Alisa Gilmore: You're correct, so at the expo there's actually three events. There's the scene bot showcase, and that is the scene bot that is the Nebraska created robot. That's the one we work with K through 12 teachers, so we train the teachers, and the teachers are really the stars, I say, because they volunteer and they get their kids involved either in the classroom while their teaching science and math curriculum because there's lessons that directly align, work with the robotic to their standards, and then they bring the kids on either during class or in the after school club, and then they have something to look forward to, to actually compete and have fun in our event. We come together with the first Lego league. First Lego league is run out of Nebraska 4H. Also at UNL and the Lincoln campus. They have a series of competitions, and this is their grand event, their championship. They have teams from around the area, as well. Nebraska, and I think they may draw some from Iowa as well, so it's their state qualifier. We also have, going along with the idea of steam because it's not just about science, technology, math. Creativity, the arts. We have a creative visual arts expo that started about I'd say five or six years ago. They came on, we had an amazing art teacher who wanted to bring in, allow kids to create with robotics. I am a firm believer. As a kid I was very creative, I asked a lot of questions, and sometimes people think of an engineer as not very creative, right? Creativity's not the first thing that comes to your mind, or at all when you think of engineer, but I am a firm believer that creativity is definitely, imagination is a part of that. We have those three events, and the kids do everything from creating robots out of 3D printed, and drawing, and painting, and it's just on display there while we're doing the physical robot activities as well.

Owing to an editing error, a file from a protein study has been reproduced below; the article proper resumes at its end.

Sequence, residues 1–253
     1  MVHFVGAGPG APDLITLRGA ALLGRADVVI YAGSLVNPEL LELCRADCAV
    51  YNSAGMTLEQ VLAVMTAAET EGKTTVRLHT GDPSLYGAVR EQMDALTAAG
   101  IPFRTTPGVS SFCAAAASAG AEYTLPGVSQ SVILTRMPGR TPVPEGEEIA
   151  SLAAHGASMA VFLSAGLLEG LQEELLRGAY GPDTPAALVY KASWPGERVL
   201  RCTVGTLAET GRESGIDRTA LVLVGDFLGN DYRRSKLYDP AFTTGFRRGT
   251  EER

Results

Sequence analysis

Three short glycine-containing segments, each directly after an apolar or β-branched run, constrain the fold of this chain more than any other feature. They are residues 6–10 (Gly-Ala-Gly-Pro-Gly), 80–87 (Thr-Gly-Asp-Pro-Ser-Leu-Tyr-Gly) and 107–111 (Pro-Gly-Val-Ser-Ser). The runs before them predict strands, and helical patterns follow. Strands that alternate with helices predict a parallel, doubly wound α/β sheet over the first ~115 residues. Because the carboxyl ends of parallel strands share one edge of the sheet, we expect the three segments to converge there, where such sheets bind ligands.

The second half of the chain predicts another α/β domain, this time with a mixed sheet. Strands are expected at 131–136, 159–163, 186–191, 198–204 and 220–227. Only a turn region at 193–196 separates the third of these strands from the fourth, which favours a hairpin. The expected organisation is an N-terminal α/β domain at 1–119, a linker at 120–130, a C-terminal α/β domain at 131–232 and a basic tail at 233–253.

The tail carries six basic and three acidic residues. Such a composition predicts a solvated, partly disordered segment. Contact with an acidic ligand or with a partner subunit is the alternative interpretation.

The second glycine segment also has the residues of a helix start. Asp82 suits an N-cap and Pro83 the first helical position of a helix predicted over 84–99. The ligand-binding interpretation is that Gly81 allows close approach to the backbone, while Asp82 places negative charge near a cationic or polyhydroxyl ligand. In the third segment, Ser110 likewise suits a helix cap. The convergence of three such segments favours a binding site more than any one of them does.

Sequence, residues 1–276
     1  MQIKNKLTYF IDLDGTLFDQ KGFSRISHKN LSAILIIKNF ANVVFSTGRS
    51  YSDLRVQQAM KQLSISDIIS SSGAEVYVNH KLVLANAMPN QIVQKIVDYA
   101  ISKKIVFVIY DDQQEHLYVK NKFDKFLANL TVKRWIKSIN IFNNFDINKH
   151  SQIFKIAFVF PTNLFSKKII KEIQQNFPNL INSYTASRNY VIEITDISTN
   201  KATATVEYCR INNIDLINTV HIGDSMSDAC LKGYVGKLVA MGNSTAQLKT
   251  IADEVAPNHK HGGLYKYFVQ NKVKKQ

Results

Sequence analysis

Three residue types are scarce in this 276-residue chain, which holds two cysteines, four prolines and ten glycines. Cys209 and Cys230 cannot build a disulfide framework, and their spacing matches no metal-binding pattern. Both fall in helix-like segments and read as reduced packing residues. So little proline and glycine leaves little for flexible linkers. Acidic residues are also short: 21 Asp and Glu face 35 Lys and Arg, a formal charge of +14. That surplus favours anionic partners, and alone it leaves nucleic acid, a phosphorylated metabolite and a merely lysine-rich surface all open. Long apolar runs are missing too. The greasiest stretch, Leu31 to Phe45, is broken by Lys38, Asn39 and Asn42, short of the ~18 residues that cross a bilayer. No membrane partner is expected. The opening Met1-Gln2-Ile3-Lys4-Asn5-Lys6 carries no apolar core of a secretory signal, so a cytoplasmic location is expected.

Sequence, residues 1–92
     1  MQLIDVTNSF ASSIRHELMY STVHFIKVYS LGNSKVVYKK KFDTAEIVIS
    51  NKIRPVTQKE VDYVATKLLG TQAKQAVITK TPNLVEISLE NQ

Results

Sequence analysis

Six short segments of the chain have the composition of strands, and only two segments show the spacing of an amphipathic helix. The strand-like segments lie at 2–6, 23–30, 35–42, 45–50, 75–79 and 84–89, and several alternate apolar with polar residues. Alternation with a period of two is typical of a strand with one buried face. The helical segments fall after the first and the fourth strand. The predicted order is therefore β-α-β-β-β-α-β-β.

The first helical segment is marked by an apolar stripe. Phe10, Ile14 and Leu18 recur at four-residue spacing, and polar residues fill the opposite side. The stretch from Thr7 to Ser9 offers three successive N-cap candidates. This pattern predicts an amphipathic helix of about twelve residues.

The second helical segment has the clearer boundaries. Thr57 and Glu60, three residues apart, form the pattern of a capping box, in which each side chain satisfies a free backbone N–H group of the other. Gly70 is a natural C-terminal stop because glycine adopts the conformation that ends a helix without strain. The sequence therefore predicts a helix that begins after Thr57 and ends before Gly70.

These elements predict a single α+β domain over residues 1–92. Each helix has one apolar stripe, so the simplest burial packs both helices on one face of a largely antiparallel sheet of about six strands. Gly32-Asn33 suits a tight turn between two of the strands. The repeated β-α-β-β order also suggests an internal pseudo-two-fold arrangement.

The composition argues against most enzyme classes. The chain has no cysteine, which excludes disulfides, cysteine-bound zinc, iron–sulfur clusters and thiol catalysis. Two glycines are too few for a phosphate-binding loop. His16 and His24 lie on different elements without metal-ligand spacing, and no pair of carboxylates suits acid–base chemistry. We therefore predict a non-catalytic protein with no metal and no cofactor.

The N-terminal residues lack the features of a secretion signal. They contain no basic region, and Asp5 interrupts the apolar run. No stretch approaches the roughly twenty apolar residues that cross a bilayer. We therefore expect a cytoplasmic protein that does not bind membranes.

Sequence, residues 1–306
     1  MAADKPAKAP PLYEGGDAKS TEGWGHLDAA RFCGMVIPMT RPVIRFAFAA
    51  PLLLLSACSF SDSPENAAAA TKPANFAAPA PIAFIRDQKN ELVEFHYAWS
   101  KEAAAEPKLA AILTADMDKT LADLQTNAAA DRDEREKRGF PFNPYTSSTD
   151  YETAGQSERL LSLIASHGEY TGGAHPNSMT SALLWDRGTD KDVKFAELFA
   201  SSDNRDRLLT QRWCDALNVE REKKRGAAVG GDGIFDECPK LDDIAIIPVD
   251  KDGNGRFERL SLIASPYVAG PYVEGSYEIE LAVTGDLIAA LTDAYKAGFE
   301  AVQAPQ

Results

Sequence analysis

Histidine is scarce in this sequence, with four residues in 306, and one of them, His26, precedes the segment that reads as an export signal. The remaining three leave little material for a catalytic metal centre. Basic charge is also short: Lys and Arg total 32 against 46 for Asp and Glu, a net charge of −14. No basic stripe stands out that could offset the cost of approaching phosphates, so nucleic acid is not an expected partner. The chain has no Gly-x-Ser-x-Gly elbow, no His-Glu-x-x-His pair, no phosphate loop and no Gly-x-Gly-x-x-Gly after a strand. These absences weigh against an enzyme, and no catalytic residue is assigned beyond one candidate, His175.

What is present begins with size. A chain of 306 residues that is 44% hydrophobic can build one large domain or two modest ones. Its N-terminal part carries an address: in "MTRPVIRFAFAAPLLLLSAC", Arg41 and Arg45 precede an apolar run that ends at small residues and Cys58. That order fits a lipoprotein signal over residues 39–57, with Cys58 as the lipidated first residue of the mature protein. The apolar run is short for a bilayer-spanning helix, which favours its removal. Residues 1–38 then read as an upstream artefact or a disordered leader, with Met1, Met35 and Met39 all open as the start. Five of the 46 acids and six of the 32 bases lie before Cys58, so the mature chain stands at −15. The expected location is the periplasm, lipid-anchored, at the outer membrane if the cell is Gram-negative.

Matt Honke: You mentioned that you get students obviously from Omaha, Lincoln, pry the metros, but how spread out is it? Are you finding students coming from small towns all across Nebraska? How is the interest at that K through 12 level with robotics?
Alisa Gilmore: I would say for first Lego league, they would probably, they have a larger statewide reach. I know they have kids from all over. For our program, we started in the metro. We actually start focusing in the Omaha public schools because we really wanted to strengthen those relationships. Our teachers are primarily from Omaha, but we've had teachers come from Western Nebraska, and they have to travel quite a ways to get here, but we open it up to everyone. It's just logistically we tend to get those who are local, and that was the original mission of our project.
Matt Honke: Karl had mentioned earlier about having, what it takes to put on a successful expo. Obviously you need help from existing College of Engineering students. What do you do to recruit those students and what are they doing to help out to make this a successful event?
Karl Vogel: And how many do you get, too? Because if I remember, it's a big number.